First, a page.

I use the term "bureau" rather than the more common "bureaucracy" because it engenders a clearer mental image of the model that I am constructing and, hence, more readily facilitates analysis. Weber (1958, p. 196) calls a fixed jurisdictional area an "office," hence, the imagery. We only need imagine a small office that contains three people and a file cabinet. The file cabinet contains official documents that specify that person A is the superordinate, that persons B and C are subordinates, what all are officially to do, and how they are to do it. In such a context, it is easy to visualize the formal structure, various informal structures, and the tensions between them. We can see person A consulting the official file and then issuing orders to B and C. We can see persons B and C becoming uncomfortable with the arduous task and conspiring to alter the officially decreed output level, thereby gaining discretionary time and resources. A bureau is transformed into a bureaucracy when persons A, B and C's functions are carried out by "offices" rather than individuals. Now we have offices commanding and reporting to offices. A bureau might be thought of as a fractal of bureaucracy, having similar internal relations but on a miniature scale.
The private property order and the bureau form an institutional continuum with voluntary association on one end and coercion on the other. In economic terms, this translates to no central planning vs. total central planning. This distinction, explained by Friedrich Hayek (1984, p. 366) as that between "spontaneous order" and "organization," rests on the absence or presence of common purpose. A spontaneous order has no common purpose. Its members are free to pursue their own purposes within their limited areas of concern, which are delineated by property rights. In contrast, an organization has a common purpose, an overall design, and a central authority that commands individuals to adjust their actions to meet the requirements of an overall design.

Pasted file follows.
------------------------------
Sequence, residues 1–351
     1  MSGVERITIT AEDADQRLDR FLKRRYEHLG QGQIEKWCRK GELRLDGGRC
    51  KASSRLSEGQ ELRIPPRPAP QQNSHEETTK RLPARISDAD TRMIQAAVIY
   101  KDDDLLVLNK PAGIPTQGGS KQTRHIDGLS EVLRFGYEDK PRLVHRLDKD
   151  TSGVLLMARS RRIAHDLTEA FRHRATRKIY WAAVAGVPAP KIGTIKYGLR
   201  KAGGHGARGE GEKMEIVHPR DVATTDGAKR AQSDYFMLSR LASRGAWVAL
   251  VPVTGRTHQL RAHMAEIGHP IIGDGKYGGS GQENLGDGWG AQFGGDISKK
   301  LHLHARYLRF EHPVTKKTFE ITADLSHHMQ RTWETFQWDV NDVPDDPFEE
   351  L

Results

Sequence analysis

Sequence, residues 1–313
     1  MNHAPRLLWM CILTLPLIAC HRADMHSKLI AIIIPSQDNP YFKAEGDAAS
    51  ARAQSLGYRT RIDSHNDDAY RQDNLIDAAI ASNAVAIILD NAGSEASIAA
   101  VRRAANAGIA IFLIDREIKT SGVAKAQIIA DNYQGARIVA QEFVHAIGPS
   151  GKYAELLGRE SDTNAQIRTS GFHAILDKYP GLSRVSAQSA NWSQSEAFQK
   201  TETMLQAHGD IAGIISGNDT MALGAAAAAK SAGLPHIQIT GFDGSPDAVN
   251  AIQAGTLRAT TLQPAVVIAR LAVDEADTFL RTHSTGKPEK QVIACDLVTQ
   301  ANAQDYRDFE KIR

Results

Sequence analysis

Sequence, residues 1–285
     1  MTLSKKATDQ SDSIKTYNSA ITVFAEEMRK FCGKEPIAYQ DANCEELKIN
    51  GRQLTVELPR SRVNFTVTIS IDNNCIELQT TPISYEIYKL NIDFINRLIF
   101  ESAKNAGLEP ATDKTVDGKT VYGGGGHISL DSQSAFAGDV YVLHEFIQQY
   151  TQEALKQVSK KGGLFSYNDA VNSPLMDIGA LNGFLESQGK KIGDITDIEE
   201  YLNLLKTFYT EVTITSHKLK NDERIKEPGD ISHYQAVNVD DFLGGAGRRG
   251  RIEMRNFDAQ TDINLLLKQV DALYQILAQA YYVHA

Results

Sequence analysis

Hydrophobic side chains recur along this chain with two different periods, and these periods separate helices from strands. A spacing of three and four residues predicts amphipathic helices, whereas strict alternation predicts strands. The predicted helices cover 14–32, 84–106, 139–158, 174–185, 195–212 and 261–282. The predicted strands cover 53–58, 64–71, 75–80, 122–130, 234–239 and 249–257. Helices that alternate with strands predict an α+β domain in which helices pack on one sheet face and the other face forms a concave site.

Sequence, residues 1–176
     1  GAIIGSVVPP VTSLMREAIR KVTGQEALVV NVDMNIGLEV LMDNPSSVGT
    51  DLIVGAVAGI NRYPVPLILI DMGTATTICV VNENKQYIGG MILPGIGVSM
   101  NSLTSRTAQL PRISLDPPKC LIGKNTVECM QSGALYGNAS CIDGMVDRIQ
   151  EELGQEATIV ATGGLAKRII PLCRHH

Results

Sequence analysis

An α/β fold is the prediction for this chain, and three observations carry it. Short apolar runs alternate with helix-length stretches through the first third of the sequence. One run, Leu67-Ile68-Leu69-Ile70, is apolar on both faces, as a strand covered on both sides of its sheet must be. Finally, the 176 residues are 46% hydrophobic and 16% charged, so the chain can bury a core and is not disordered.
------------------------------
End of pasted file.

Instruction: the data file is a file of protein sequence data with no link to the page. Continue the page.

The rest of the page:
According to Hayek (1948, p. 4), these two opposed forms of social order are the practical outcomes of two opposed strains of individualism. The British school, known as the "anti-rationalists" due to its emphasis on nonrational, spontaneous processes, is the philosophical foundation for the private property order. The Cartesian school or "rationalists" view of individualism with its emphasis on design and man's perfect or perfectible rationality is the philosophical basis for the bureau. Figure 2 incorporates the views of the above writers. To become more familiar with these models and to make them more useful for analysis, let us go inside them and look around a bit.
FIGURE 2: Expanded Model
The private property order and the bureau models can be used to model both society at large and sub-groups with in society. For example, the society of pre-progressive-era American society was predominantly that of a private property order, i.e., society was, for the most part, spontaneously formed with no common purpose, along the lines of free association. Within American society then and now, one can identify sub-groups, some of which exhibit spontaneous order and others that are consciously designed. The former are commonly called "communities," or less commonly, "organic communities" as the literature often refers to them. (e.g. Tonnies, 1957). Communities are spontaneously ordered along the lines of free association. They are, therefore, fractals of the larger private property order society of which they are apart, i.e., they have the same social order but on a smaller scale.